Cleveland.com has published a letter to the editor from Professor Heidi Gorovitz Robertson advocating for alternatives to the July 2020 Bar Exam. She argues that temporary licensing of graduates is a nonstarter. Law graduates cannot take on demanding jobs, then abandon work for the time necessary to study for a traditionally administered bar exam. She urges the Supreme Court to use a shorter take-home bar exam or simply grant all Ohio law graduates a permanent license to practice, conditioned on continuing legal education or supervision some.
Her letter is available here: This year’s law school grads can be verified as ready to practice law, without in-person July bar exams
Professor Robertson is the Steven W. Percy Distinguished Professor of Law and Professor of Environmental Studies at Cleveland State University.
Professor Joseph Mead, in his capacity as Cooperating Attorney with the ACLU of Ohio, is assisting in a federal class action petition for a writ of habeas corpus challenging the continued detention of people in the Elkton federal prison in eastern Ohio. Three inmates have already died from COVID-19, and scores of prisoners and staff have fallen ill, including some seriously.
Professor Mead explains, “Prisons are not Constitution-free zones. People who live and work in prisons should not be forced to face unnecessary risk of death and disease.”
On April 9, 2020, the Israeli paper Ha’Aretz (“Israel’s NYT”), published a Letter to the Editor penned by Clinical Professor of Law Doron Kalir. The letter tried to explain the reason behind the recent move by Benny Gantz – until recently, the head of the opposition to Prime Minister Bibi Netanyahu – to break up his own party and become a government member under Netanyahu. The move – unprecedented in Israeli politics, and perhaps worldwide – came after three successive election campaigns where Ganz promised, again and again, to never team up with Netanyahu. Kalir opined that, as the former Chief of Staff of the Israeli Military (IDF), Ganz has been used – during his entire adult life – to make decisions on his own, without much consultation. When he commanded, no one was allowed to dispute his orders – lest they will be court-martialed. His basic misunderstanding, the Letter suggested, is that in the democratic arena, the rules are different. Here, the People are the real sovereign and their representatives should serve their will, not vice-versa.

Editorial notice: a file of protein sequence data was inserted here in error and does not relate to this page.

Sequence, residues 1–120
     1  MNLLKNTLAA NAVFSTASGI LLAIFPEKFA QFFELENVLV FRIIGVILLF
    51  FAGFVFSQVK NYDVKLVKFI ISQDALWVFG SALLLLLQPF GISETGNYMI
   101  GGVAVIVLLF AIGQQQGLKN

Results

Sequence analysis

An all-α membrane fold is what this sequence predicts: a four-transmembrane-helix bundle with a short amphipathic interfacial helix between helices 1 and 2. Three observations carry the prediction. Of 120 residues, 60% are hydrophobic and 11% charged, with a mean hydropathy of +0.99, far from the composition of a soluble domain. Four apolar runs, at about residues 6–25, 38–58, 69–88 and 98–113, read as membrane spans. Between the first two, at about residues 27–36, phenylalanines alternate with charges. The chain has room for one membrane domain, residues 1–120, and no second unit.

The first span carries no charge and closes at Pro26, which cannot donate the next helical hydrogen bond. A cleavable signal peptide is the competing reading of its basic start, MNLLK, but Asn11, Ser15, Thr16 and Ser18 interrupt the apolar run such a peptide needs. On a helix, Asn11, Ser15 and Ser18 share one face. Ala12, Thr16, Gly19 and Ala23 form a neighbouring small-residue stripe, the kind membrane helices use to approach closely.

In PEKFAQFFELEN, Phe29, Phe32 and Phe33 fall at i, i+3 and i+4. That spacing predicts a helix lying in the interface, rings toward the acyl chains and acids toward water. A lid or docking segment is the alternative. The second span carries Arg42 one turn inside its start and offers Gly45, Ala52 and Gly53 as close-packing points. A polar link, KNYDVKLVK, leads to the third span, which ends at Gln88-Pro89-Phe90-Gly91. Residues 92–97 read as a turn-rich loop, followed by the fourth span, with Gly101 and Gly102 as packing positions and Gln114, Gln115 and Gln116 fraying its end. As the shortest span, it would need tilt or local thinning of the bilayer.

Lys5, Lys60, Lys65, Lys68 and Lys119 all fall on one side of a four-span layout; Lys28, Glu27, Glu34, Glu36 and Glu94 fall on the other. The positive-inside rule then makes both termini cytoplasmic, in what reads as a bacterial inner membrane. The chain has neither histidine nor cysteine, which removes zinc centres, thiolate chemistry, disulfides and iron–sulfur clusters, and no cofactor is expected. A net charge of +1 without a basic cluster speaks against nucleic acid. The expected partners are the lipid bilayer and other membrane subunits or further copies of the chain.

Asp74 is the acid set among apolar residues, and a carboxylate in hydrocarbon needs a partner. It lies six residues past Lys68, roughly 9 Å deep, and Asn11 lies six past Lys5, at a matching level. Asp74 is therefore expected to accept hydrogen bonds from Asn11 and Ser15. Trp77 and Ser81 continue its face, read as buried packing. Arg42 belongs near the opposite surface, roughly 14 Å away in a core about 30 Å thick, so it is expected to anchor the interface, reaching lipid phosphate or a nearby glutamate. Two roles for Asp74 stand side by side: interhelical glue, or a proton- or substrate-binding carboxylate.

Chris Sagers, the James A. Thomas Professor of Law, gave several presentations at eminent academic institutions this spring. In March, he presented his book, United States v. Apple: Competition in America, to the Cornell Digital Life Initiative at Cornell Tech, a program within Cornell Law School and Cornell University. His presentation was the Initiative’s first-ever wholly online seminar, conducted by Zoom in light of the coronavirus epidemic.
Earlier this spring, Sagers presented a paper at a symposium entitled “The Interplay of the Antitrust Laws in Our Current Business Environment,” hosted by the University of Pennsylvania Journal of Business Law at the University of Pennsylvania.
He also took part on a discussion panel concerning legal issues surrounding the legalization marijuana in Ohio, focusing specifically on issues raised in competition policy, held at the University of Cincinnati School of Law.
Chris Sagers, the James A. Thomas Professor of Law, was quoted by Reuters in a story carried in the New York Times, commenting on recent moves by the Trump administration and by some state regulators to shore up U.S. domestic oil prices, after they’ve been battered both by an ongoing price war between Russia and Saudi Arabia and by loss of demand during the coronavirus epidemic. Sagers, who studies antitrust law, explained how it might apply to efforts by regulators and to whatever private action U.S. producers might take themselves.